Time to get back to the series of posts on records found at the National Archives and Pennsylvania State Archives for the York County Militiamen who guarded the British prisoners at Camp Security during 1781, 1782 and 1783.
As mentioned in previous posts it was June 1832, nearly 50 years after the end of the Revolutionary War, before the U.S. Congress passed a bill that allowed surviving rank and file to apply for a pension. They also had to prove at least six months active duty. Tours of duty for militia guards at Camp Security were usually two months, so they had to cobble together a tour or two there with other active duty. Martin Cronmiller/Cronemiller was one who was successfully in obtaining a pension of $33.33 per year.
Cronmiller was 72 and living in West Buffalo Township, Union County, Pennsylvania when he appeared before a judge there on September 24, 1832 to make his declaration:
In the year seventeen hundred and seventy-six, in harvest time he went out in the militia under Captain Rudolph Spangler and continued under him two months. The Lieutenant’s name was George Shook. I was living in York, York County, Pennsylvania at the time I entered the service.
In September seventeen hundred and seventy-six, he enlisted in the militia under Captain Michael Smyser. Michael Swope was Colonel and William Bailey Major. He also remembers that Jacob Barnitz was the Ensign of the company, and one Wentz was ensign of another company out at the same time. The said Jacob Barnitz was afterwards Register of York County and State of Pennsylvania.
The petitioner remembers that they marched to Trenton in the state of New Jersey, that he marched from thence to Princeton, Brunswick, Elizabethtown, Woodbridge, Newark, Hackinsack Ferry, crossed over to Bordentown, afterwards retired to Trenton, crossed the Delaware—was on the Pennsylvania side of the Delaware attending to the fires when the battle of Trenton was fought on second Christmas morning. Then again crossed the river and was two of three miles off when the battle of Princeton was fought, went to Princeton, followed the English on to Brunswick, went next either to Amboy or Woodbridge, cannot recollect which and by this time he thinks his six months had expired. He never received any pay. He has no documentary evidence of my statement. I left my rifle on leaving the service.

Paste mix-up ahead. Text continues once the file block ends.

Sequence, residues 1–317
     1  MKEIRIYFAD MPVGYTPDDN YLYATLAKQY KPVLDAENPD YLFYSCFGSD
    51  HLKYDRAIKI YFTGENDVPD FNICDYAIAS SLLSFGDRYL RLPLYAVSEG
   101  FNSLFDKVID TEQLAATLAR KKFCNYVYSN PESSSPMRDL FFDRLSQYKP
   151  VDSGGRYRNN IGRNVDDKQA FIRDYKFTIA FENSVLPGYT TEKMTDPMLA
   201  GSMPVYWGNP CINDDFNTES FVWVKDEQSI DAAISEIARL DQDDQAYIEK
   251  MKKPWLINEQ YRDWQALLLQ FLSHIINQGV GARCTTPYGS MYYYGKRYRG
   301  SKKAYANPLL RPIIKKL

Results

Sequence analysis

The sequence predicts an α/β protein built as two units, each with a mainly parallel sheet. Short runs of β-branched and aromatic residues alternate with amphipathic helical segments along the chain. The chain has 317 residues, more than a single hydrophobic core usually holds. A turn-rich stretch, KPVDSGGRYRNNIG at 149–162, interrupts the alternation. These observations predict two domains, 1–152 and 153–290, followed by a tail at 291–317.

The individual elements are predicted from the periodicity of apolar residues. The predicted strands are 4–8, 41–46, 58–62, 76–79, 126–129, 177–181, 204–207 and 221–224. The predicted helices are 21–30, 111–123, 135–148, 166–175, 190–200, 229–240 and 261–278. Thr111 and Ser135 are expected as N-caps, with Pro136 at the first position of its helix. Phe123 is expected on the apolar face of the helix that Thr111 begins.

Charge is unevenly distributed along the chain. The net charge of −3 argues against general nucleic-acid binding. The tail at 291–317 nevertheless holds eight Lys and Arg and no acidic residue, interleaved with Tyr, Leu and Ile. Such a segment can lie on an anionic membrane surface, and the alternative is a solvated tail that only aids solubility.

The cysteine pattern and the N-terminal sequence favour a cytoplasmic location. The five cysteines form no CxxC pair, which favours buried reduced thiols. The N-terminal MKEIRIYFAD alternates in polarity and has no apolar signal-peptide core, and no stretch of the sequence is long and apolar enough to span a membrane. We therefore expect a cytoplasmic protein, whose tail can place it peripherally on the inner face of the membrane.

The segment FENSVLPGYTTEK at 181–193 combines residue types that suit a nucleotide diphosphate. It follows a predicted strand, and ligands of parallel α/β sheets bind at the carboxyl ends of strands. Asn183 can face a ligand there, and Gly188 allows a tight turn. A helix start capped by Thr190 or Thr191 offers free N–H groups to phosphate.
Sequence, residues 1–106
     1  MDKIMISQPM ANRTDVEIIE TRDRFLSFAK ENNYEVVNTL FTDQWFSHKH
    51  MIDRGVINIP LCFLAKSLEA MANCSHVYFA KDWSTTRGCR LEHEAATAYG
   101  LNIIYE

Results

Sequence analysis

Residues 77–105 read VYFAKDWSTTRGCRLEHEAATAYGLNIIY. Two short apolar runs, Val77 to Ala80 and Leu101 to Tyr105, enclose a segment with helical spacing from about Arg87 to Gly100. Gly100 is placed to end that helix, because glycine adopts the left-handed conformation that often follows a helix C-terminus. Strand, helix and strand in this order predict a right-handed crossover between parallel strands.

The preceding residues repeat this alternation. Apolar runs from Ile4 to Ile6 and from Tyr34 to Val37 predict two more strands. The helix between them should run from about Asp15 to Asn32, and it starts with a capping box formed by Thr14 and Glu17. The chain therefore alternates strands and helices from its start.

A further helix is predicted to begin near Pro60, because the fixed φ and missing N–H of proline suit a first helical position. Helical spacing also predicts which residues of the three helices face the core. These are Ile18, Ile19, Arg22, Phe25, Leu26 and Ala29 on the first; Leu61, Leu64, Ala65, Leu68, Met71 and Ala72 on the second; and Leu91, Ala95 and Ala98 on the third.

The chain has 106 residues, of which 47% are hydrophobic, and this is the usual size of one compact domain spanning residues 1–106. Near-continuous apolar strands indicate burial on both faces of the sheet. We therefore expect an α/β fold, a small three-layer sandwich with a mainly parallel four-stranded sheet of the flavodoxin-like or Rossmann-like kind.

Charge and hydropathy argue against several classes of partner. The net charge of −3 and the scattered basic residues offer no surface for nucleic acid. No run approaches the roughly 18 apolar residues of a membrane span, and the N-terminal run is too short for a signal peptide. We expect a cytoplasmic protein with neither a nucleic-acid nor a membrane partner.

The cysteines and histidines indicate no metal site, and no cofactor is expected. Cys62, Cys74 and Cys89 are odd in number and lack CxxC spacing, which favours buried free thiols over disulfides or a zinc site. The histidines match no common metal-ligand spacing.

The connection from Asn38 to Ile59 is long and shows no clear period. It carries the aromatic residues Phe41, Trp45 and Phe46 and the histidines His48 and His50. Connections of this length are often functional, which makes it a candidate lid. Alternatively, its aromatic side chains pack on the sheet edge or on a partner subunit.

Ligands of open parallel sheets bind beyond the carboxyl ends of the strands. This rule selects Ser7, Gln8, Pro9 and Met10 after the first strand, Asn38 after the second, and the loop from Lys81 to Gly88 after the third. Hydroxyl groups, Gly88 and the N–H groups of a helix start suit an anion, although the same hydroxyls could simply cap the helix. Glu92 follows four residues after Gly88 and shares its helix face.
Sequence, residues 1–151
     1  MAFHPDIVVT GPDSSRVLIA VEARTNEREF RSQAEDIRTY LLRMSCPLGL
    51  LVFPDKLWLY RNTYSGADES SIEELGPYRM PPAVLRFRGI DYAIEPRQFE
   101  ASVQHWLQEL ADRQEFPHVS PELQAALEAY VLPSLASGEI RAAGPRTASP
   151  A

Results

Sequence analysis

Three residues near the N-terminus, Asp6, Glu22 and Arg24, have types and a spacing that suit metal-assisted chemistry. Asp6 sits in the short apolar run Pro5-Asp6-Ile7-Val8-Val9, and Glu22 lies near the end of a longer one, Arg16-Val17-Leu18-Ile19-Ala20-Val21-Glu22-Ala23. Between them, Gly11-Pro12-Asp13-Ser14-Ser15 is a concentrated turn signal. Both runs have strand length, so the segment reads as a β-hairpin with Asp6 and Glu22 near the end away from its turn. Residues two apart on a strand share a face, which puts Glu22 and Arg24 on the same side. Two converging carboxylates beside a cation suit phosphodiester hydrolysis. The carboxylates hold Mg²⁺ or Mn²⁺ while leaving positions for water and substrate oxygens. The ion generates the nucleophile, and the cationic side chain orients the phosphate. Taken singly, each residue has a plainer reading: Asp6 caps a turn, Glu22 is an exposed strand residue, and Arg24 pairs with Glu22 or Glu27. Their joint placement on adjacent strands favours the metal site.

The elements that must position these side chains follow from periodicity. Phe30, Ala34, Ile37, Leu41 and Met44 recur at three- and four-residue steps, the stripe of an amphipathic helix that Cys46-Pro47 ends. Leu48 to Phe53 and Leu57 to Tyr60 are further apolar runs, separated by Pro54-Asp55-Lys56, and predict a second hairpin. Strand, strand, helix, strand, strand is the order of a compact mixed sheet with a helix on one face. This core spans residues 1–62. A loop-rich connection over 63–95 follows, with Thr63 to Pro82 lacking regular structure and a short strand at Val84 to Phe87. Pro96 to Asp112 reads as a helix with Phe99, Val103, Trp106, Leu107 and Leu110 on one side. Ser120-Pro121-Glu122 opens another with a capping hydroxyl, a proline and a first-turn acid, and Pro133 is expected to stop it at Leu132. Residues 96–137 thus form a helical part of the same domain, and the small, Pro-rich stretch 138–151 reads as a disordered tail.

Some years after, but forgets in what year, the petitioner served under Captain Peter Fort at York in the State of Pennsylvania to guard prisoners during two months. He thinks William Bailey was Major then and Peter Swartz Ensign.
Even with the court clerk jumping back and forth from third person to first person, we get the idea that Cronmiller did a good job of remembering where he and his fellow York countians served. Pennsylvania State Archives records show Martin Cronmiller as a corporal at Camp Security under Captain Peter Ford. Peter Swartz is listed as ensign in the company, and William Bailey was the major in charge.
Cronmiller died in early 1838 and is buried at Mifflinburg Cemetery in Union County. Descendants have posted his biography on Find a Grave and donated more information on the family to the York County Heritage Trust Library/Archives.
The public is invited to visit the Camp Security archaeology dig in progress on Friday June 17. Click here for more information.